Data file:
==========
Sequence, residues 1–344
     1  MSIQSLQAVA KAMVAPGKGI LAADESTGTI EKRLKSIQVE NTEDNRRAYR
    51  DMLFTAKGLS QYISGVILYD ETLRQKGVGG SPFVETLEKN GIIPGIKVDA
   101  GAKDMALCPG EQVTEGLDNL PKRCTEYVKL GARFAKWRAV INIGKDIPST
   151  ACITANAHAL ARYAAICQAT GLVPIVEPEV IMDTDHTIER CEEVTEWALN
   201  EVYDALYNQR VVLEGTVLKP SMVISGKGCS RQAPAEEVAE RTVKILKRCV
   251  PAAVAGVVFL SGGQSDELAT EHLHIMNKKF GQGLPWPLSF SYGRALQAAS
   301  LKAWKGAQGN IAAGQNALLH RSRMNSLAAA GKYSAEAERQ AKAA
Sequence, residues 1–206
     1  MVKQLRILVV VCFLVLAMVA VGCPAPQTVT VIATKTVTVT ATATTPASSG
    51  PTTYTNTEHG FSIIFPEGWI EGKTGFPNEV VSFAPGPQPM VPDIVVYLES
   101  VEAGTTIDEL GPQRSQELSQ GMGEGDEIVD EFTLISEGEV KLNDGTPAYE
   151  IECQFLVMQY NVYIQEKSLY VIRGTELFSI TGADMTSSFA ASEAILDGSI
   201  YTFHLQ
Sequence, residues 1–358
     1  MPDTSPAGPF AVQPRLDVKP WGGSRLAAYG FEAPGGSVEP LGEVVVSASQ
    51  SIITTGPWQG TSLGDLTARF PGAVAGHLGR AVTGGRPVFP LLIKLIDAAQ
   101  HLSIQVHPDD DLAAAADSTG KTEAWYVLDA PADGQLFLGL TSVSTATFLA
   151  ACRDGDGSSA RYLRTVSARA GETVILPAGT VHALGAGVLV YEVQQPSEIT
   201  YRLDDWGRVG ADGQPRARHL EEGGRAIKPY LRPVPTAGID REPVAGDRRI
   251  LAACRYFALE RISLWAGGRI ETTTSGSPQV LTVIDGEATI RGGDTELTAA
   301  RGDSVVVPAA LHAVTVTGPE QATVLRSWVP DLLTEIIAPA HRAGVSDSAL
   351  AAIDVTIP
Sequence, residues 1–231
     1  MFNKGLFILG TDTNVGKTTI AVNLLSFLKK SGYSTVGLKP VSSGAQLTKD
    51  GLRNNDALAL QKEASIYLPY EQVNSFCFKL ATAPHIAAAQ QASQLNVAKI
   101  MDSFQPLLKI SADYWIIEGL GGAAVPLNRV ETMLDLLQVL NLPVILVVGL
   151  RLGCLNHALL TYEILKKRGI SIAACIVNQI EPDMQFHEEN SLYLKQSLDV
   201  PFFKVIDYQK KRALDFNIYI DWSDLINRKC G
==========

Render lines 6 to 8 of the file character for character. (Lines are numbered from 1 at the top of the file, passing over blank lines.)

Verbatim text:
   201  EVYDALYNQR VVLEGTVLKP SMVISGKGCS RQAPAEEVAE RTVKILKRCV
   251  PAAVAGVVFL SGGQSDELAT EHLHIMNKKF GQGLPWPLSF SYGRALQAAS
   301  LKAWKGAQGN IAAGQNALLH RSRMNSLAAA GKYSAEAERQ AKAA